New York men accused of $200,000 scheme targeting trucking Companies in 20-Count Indictment
A federal grand jury sitting returned a 20-count indictment charging Laquan Smith, age 24, of Bronx, New York, and Tyrone Wigfall, aka Tyrone Simmons, age 58, of Brooklyn, New York, with conspiracy and wire fraud for their roles in a scheme to defraud trucking companies out of about $200,000, said Steven M. Dettelbach, United States Attorney for the Northern District of Ohio.
The indictment charges that from in or about March 2011, and continuing to in or about September 2011, Laquan Smith and Tyrone Wigfall fraudulently obtained account numbers and codes used by independent trucking companies to wire money to the companies’ drivers. They accomplished the objectives of the conspiracy and wire fraud as set forth below.
Electronic fund processing companies (EFP) such as Fleet One, Comdata, and TCH are used by trucking companies to electronically transfer funds to truck drivers at truck stops and other locations throughout the country. Drivers typically obtain the money by providing information to a customer service representative at a participating truck stop. That information is then relayed via wire to an EFP processing center. Once the EFP has authorized the request for money, the truck stop will issue a check to the driver who then cashes it.
From in or about March 2011, and continuing to on or about September 2011, known and unknown individuals obtained account numbers and codes used by trucking companies to issue checks through EFPs. These account numbers and codes were obtained without the knowledge or consent of the trucking companies. The known and unknown individuals then provided the stolen account numbers and codes via telephone calls or text messages to Laquan Smith and Tyrone Wigfall, according to the indictment.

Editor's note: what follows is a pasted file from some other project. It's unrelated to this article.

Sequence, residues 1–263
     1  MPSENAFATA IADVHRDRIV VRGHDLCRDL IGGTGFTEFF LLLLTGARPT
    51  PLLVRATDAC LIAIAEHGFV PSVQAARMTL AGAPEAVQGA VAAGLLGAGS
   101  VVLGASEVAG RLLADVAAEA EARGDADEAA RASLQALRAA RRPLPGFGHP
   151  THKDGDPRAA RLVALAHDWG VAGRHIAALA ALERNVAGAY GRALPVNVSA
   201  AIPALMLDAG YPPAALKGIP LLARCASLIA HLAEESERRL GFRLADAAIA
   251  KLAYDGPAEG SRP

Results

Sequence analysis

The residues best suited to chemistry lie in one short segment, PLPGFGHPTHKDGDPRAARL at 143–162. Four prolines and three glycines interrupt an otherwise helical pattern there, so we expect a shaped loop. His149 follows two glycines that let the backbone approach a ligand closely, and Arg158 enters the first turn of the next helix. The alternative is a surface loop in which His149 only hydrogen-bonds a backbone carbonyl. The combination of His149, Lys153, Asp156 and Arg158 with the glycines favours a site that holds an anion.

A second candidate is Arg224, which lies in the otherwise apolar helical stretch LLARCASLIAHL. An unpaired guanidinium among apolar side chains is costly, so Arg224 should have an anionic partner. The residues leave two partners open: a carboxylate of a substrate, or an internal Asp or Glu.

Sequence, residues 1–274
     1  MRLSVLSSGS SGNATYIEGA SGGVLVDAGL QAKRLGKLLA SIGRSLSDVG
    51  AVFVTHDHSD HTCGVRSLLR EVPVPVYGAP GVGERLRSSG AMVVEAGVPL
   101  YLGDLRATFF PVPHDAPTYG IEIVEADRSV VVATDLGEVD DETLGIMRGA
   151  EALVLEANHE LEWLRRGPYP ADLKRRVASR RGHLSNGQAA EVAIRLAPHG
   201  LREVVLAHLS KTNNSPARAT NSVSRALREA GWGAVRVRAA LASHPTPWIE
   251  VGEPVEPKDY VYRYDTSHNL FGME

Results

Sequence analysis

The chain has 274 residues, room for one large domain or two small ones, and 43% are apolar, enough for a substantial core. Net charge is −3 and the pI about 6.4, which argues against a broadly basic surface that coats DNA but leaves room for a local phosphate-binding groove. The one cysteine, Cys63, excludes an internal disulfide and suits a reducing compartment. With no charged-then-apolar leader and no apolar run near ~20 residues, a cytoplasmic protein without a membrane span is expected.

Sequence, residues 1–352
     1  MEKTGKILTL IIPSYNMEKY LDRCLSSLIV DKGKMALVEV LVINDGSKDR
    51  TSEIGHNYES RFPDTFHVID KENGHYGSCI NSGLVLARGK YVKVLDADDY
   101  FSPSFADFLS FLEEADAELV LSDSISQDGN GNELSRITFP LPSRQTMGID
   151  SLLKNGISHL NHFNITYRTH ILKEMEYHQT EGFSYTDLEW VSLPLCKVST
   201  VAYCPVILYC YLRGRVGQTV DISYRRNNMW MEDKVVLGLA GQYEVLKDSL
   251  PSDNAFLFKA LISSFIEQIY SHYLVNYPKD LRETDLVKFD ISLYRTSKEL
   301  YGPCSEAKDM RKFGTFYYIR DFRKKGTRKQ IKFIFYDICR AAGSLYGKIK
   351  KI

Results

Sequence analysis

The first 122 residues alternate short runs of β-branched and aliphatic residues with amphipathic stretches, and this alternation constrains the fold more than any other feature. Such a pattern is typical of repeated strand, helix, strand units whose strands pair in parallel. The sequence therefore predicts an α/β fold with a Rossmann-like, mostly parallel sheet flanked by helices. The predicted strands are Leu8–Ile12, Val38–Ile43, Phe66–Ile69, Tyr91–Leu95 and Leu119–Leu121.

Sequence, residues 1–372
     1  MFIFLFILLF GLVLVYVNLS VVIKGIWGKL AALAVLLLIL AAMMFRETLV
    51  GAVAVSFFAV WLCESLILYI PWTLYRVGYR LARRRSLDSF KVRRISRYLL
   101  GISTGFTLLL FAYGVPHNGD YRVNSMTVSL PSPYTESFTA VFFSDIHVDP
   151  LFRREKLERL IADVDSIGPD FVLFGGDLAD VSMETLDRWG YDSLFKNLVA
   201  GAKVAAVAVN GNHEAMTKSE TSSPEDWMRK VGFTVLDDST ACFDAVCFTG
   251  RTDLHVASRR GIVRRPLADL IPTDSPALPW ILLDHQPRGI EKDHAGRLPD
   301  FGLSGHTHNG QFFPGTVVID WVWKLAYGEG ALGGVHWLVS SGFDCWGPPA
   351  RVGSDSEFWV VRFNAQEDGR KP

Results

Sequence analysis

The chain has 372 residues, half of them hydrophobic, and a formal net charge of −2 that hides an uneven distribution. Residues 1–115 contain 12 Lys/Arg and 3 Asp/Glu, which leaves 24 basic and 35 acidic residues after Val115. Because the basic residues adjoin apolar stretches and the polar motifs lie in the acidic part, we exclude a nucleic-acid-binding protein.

Smith and Wigfall traveled to truck stops in the Northern District of Ohio and elsewhere. Once at the truck stops, they posed as truck drivers, approached customer service counters, presented the stolen account numbers and codes, and requested checks from EFPs such as COMDATA, Fleet One and TCH, according to the indictment.
Customer service representatives at the truck stops then processed the requests by sending the account numbers and codes via wire to EFP processing centers located outside the Northern District of Ohio. The EFPs then authorized the requests and authorized the truck stop customer service representatives, via wire, to print checks for Laquan Smith and Tyrone Wigfall. They then endorsed the checks and cashed them at the truck stops, according to the indictment.
In total, Smith and Wigfall fraudulently obtained a gross amount of more than $200,000, according to the indictment.
If convicted, the defendants’ sentences will be determined by the Court after review of factors unique to this case, including each of the defendant’s prior criminal record, if any, the defendant’s role in the offense and the characteristics of the violations. In all cases, the sentences will not exceed the statutory maximum and, in most cases, it will be less than the maximum.
The investigation preceding the indictment was conducted by the Department of Homeland Security, Immigration and Customs Enforcement. The matter is being prosecuted by Assistant United States Attorney David M. Toepfer.
An indictment is only a charge and is not evidence of guilt. A defendant is entitled to a fair trial in which it will be the government’s burden to prove guilt beyond a reasonable doubt.